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The Metrics and Reporting View looks at the various feedback cycles, metrics and reports in Holistic Software Development.

Organizational Metrics look at the organization as a whole rather than teams or pieces of work. They try to measure the health, shape and happiness of the organization. Top-level Business Value indicators and financial information can also be tracked organizationally.

Metric: Organizational Health

Organizational Health is difficult to measure, as it is dependent on the definition of health for each particular organization. We recommend tracking the trends of top-level Bubble-Up issues, both positive and negative to provide an indicator of what’s important across the organizing. Changes in the trends of positive to negative items can indicate the current mood of the organization.
 
We also recommend asking the organization at large what the top 10 issues are periodically. These top 10 community sourced issues should be reported, transparently, as part of the Executive Dashboard.
 
Other indicators for organizational health include:
  • Progress against Strategic Goals
  • Recruitment vs. Attrition trends
    • Are the numbers of leavers going up? What are the reasons for people leaving?
  • Independent Holistic Assessment
    • An independent analysis of organizational processes, metrics and leadership can give useful insights that may not be clear to those living in the organization day to day
  • Top level aggregations of workflow metrics, especially Lead and Cycle Time, Work Item Type Distribution and Quality Confidence.
 

Metric: Organizational Happiness

Seligman PERMA Happiness Model

Happy people are productive people. We think Organizational Happiness is the most important organizational metric.

Based on the work of Professor Martin Seligman, active in the scientific community as a promoter of the field of “positive psychology”, we measure organizational happiness based on the PERMA model. Each of the five parts of the PERMA model are core elements of psychological well-being and happiness.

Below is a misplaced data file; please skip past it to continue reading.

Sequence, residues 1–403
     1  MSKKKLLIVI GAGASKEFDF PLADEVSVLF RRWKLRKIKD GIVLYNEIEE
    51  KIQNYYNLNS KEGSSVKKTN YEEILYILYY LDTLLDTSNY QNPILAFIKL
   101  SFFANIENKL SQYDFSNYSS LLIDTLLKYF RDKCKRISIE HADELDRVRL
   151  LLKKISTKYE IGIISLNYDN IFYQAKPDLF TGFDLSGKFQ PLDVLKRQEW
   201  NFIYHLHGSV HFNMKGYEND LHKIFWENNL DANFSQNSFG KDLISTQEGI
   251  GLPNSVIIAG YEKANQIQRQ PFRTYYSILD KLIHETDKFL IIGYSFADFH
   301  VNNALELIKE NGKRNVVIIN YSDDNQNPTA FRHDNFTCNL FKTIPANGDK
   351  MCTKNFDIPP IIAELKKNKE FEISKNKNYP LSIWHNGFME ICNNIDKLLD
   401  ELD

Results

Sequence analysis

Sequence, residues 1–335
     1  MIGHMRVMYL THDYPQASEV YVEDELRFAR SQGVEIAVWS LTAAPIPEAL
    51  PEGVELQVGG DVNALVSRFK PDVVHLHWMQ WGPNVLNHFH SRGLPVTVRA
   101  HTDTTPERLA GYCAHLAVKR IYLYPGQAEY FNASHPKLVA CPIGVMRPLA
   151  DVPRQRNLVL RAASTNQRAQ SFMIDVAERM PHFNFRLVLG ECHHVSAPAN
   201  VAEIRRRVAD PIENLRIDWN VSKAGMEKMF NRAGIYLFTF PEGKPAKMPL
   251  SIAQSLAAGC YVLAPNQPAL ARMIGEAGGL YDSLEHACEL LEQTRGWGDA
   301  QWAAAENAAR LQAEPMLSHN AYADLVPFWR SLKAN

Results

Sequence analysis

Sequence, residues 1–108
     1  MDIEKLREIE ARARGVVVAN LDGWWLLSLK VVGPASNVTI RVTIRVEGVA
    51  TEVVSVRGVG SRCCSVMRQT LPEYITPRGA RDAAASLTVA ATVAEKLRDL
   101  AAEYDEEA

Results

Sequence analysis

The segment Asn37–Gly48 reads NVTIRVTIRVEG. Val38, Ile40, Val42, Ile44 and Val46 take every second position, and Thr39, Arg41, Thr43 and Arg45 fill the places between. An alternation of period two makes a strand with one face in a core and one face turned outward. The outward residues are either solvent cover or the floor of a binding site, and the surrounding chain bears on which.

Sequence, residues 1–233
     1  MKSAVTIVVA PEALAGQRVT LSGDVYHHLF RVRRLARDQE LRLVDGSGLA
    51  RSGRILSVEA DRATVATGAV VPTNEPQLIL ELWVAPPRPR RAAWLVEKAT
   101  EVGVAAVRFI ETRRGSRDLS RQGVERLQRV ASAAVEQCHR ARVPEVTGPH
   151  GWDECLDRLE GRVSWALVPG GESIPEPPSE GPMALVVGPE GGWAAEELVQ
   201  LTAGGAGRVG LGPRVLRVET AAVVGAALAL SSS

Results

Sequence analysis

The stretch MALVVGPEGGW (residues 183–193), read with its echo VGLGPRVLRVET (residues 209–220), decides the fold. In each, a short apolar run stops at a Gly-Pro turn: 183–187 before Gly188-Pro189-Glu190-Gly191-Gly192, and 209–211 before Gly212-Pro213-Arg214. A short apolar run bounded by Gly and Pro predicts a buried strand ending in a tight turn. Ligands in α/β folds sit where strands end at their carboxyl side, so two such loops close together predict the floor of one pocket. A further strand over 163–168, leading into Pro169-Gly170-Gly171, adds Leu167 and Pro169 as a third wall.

Positive Emotions: Perhaps the most obvious, but positive emotions are more than just smiling. Focusing on optimism and a positive view of the future we can measure if people are feeling good about the present and the future.

Engagement: Indicates how involved we are with our work, colleagues and the organization. We look at how connected people feel to these elements, and whether they consider their input as being valued.

Relationships: Humans are social creatures and so meaningful positive relationships are critical to our happiness. For collaborative work, authentic relationships are the foundation of honesty and communication.

Meaning: Having a purpose, and agreeing with that purpose is a critical component of Motivation. Understanding the reason for the work we need to do, and how what we do contributes to Strategic Goals makes us happier.

Accomplishments: Achieving goals makes people happier. Setting achievable, and meaningful, goals creates a sense of satisfaction.

We recommend running a periodic organization survey asking questions aligned to the PERMA elements. We typically ask 5 questions per element, and then create a Happiness Index for teams, departments and the entire organization.

Tracking how happiness changes over time, and in response to changes helps improve the overall happiness.

Metric: Workforce Shape

Workforce Shape is a top level measurement that shows the target and actual counts of managers vs. producers in an organization in one dimension and the number of contractors vs. full-time staff on the other axis.

There should be more producers than managers in an organization, keeping an eye on the ratio between them and ensuring it's healthy can stop resource creep in middle management. Similarly, large organizations tend to have a significant contractor workforce which is flexed over time depending on current needs. Making sure that the balance is right between staff and contractors is part of workforce management.

The Workforce Shape on the right is only for explanation of the measure - it does not indicate a recommended workforce shape! The graph shows a target workforce shape (green) with a roughly equal contractor/staff workforce with a roughly 1:3 ratio between managers and producers. The ratio of managers to producers is normally around 1:10 or less, the split between contractors and permanent staff is dependent on the business in question.

The actual workforce shape is indicated by the blue overlay - this shows that there is a roughly equal split between managers and producers (likely to be highly dysfunctional) which is below the target ratio. The actual workforce also has slightly too many contractors and not enough staff - although this can often be caused by resource pipeline difficulties, in this example, the ratio is currently below target.

Ideal resource levels are described in the Governance view.

Workforce shape can be measured at team, project, programme and portfolio level.

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